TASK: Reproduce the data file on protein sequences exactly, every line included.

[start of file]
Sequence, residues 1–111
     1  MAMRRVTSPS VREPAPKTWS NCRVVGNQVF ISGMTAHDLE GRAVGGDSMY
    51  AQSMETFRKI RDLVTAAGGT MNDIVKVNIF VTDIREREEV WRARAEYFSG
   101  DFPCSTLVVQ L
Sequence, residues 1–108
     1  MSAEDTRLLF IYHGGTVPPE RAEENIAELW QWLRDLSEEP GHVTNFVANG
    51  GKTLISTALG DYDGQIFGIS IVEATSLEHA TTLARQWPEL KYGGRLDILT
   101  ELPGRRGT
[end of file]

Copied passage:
Sequence, residues 1–111
     1  MAMRRVTSPS VREPAPKTWS NCRVVGNQVF ISGMTAHDLE GRAVGGDSMY
    51  AQSMETFRKI RDLVTAAGGT MNDIVKVNIF VTDIREREEV WRARAEYFSG
   101  DFPCSTLVVQ L
Sequence, residues 1–108
     1  MSAEDTRLLF IYHGGTVPPE RAEENIAELW QWLRDLSEEP GHVTNFVANG
    51  GKTLISTALG DYDGQIFGIS IVEATSLEHA TTLARQWPEL KYGGRLDILT
   101  ELPGRRGT